I'm not sure if Colorado has a state motto, but if it does, it's something like "Work Hard, Play Harder." We take our recreation seriously here. Maybe that's why I think it's only fitting that Personal Technology ventures out of the office to bring you a tool that will enhance more than your life at your work desk.
How do you get away and still keep your tech toys-I mean tools-close at hand? Go to www.SCOTTevest.com and pick out some technology-enabled clothing. It's designed with the personal electronics user in mind-and lawyers can find fun uses for it, too.
I just got my SCOTTeVEST 2.5 (they even have version numbers-how tech is that). Now I'm in techie heaven. For starters, there's the PAN (Personal Area Network), a series of conduits and openings in the jacket that allow you to wire and connect all your devises. That can be as simple as running your MP3 player wire to your earbuds through a conduit to the special loops and pockets that hold them. Or it can involve connecting your PDA to your cell phone so you can access the Web and e-mail.
Where do you put all the stuff you're connecting? In one of the 24 pockets of every size, description and utility. There are pockets for pens and badges, pockets with secure key holders, magazine pockets, secret pockets and a back pocket big enough to hold your laptop. You would think that all those pockets would make you look like a patchwork kid from Oz. But the ergonomically designed jacket is cleverly tailored so that it doesn't bulge or sag excessively even when well packed. The company says to think of it as a "convergence of clothing, technology and luggage." Plus, you can adapt to the environment by pulling out the concealed hood when the mercury plummets, or you can zip off the sleeves in a heat wave. The SCOTTeVEST is available in various colors, at prices ranging from $79.99 to $149.99.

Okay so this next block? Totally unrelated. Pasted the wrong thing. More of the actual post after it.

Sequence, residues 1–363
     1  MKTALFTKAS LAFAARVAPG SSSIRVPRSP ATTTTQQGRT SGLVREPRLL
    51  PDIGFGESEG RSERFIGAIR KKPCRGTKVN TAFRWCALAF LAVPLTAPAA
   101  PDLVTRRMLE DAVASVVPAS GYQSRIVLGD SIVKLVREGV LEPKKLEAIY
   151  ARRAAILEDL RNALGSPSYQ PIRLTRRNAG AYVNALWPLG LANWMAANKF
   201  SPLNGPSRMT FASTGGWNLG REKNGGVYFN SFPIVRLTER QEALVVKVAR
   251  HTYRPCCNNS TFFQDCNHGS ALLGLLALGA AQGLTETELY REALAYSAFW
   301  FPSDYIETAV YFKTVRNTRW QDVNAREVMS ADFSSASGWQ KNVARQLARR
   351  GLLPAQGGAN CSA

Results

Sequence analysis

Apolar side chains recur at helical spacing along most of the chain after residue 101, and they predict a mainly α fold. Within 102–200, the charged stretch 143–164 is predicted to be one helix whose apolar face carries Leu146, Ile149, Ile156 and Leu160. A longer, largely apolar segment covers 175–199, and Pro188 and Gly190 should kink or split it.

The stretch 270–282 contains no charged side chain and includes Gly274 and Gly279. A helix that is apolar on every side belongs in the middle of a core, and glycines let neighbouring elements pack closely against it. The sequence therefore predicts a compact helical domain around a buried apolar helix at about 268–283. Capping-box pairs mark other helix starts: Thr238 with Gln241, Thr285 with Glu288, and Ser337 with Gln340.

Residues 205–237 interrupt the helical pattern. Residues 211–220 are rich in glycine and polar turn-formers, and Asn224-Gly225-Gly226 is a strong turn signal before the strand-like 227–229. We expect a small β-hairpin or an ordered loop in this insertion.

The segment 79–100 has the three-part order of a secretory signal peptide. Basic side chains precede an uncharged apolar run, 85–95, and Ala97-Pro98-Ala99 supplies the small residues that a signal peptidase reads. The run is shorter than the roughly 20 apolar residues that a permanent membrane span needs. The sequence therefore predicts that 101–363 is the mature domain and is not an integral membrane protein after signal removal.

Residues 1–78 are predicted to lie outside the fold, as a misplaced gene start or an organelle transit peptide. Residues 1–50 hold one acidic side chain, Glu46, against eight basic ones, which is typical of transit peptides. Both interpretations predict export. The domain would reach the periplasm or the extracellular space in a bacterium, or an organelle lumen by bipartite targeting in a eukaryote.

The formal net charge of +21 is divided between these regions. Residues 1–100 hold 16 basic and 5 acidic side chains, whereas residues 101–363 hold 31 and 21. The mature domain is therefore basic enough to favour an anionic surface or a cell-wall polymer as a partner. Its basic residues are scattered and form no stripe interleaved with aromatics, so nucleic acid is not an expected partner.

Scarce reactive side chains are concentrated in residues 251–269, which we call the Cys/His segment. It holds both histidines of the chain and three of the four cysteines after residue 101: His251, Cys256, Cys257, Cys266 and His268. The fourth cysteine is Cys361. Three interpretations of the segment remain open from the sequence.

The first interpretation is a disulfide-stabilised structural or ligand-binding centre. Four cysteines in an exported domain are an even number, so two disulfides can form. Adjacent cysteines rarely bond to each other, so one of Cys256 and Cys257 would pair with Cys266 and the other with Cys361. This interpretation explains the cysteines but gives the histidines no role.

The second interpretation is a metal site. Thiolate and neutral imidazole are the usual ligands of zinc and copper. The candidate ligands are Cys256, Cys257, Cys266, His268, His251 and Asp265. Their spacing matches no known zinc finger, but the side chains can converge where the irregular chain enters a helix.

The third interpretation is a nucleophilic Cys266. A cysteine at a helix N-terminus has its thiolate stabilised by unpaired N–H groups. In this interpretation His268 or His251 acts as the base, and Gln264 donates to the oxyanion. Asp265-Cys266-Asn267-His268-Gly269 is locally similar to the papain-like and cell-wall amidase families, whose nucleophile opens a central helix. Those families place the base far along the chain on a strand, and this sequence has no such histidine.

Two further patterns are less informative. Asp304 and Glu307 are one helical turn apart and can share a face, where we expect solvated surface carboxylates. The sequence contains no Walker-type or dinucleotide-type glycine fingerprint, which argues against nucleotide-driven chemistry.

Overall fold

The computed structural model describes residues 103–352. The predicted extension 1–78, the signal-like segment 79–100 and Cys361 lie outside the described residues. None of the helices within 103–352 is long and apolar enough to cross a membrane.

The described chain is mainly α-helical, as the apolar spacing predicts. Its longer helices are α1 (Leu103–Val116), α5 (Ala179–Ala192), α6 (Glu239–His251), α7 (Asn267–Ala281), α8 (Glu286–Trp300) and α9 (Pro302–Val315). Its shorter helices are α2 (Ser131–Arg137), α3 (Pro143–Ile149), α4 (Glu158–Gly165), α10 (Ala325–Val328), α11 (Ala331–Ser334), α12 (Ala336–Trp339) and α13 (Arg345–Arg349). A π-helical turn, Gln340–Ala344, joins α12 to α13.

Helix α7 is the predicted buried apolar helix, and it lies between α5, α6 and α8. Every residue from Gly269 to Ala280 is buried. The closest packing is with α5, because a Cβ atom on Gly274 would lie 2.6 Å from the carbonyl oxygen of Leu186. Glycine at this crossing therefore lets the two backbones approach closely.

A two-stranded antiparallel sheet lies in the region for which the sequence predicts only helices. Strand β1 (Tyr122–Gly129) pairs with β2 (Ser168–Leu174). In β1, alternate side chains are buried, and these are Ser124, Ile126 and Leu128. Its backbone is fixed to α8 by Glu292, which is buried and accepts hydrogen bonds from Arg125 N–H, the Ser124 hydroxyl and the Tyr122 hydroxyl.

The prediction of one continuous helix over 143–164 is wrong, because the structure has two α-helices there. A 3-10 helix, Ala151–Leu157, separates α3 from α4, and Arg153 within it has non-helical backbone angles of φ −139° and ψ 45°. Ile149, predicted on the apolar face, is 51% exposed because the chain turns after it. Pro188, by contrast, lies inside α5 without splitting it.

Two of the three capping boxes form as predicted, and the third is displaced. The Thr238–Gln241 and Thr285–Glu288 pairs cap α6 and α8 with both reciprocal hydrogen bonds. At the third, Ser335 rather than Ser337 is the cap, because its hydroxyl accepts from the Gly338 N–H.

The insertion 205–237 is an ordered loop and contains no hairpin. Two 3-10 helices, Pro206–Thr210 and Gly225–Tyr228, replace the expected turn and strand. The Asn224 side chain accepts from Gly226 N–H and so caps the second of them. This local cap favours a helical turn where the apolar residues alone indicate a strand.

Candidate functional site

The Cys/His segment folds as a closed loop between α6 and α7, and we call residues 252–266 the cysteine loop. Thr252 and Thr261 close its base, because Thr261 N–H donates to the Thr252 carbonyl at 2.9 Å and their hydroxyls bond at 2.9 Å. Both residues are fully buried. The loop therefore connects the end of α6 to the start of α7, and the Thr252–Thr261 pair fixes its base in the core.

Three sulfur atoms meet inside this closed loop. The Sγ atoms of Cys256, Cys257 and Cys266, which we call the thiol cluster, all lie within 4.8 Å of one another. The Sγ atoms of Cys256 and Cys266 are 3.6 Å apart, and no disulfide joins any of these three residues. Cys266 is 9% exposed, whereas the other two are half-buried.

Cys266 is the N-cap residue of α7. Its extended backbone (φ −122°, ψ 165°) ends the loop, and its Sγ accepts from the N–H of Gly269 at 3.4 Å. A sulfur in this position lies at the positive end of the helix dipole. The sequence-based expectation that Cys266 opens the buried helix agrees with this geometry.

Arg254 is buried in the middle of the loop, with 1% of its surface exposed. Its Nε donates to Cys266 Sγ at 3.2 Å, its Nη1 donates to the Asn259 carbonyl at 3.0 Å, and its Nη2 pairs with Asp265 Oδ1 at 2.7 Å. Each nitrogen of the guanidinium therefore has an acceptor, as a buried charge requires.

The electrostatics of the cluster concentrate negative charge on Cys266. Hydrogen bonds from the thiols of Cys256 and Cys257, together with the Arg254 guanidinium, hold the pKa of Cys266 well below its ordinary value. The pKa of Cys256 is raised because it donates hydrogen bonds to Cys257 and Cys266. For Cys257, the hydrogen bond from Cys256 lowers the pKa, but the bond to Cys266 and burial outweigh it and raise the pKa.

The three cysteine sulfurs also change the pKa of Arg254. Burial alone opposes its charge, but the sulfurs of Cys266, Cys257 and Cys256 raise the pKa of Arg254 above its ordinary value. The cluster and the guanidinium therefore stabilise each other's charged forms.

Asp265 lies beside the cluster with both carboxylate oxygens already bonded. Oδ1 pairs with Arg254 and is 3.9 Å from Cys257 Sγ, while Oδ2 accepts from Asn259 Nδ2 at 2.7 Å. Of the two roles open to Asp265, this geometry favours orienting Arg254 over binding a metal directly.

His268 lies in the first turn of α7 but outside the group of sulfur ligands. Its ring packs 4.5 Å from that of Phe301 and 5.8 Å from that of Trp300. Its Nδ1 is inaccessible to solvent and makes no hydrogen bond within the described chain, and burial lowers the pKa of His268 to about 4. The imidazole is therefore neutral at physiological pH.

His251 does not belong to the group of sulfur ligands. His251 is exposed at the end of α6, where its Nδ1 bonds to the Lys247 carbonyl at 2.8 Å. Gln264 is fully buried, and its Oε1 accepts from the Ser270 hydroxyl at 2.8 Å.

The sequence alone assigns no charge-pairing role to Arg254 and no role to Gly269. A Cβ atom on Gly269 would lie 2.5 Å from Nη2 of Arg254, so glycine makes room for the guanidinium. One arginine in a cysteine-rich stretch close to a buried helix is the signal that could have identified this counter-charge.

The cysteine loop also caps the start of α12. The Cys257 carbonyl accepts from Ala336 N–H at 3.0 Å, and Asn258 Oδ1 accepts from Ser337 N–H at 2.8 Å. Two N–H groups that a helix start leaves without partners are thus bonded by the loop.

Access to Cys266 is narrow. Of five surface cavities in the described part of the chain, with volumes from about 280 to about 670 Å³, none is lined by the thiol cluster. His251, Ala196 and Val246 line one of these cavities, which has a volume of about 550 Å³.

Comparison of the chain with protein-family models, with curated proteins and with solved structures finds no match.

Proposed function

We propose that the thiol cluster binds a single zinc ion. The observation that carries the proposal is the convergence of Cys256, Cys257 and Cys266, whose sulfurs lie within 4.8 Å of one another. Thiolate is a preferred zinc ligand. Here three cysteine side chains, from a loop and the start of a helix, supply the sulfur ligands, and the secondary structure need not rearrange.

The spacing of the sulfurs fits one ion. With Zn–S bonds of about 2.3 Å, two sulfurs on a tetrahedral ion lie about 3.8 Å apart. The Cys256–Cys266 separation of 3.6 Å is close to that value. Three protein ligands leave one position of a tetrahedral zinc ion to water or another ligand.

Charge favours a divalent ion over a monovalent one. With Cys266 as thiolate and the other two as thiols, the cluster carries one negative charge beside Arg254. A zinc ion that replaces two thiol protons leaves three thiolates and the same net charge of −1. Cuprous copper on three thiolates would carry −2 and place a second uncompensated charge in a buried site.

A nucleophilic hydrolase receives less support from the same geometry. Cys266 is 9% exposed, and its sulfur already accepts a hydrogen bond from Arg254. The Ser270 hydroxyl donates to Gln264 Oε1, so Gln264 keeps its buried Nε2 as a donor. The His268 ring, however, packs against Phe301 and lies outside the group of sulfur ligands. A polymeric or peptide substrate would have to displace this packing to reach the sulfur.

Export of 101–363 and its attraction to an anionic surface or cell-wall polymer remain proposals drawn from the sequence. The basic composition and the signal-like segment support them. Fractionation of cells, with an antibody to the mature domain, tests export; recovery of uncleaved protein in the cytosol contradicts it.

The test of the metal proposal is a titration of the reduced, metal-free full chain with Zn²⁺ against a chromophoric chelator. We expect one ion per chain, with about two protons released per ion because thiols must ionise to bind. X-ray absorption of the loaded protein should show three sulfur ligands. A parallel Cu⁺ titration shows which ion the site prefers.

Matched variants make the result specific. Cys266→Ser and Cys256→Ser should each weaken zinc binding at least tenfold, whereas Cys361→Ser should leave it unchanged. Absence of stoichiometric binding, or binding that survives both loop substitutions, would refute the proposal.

This jacket really works. I loaded up my MP3 player, radio, earbuds, cell phone, compact umbrella, knit cap, gloves and the book I'm reading, with room to spare. Not wanting to be all dressed up with no place to go, I headed out to try another "personal technology": a new ski by long-time ski design innovator Adrian Floreani. These Floskis turn like a sports car, plough through powder like a truck and are calm on the straightaway. After a few runs, I was handling terrain that I would never have ventured onto before. All the while, with my SCOTTeVEST, I knew that I could connect my PDA to my cell and check e-mail.
Now that's personal technology.
Stephen J. Harhai ( email@example.com) practices family law in Denver, CO. He is the author of the Colorado Divorce Handbook site, www.COdivorce.com.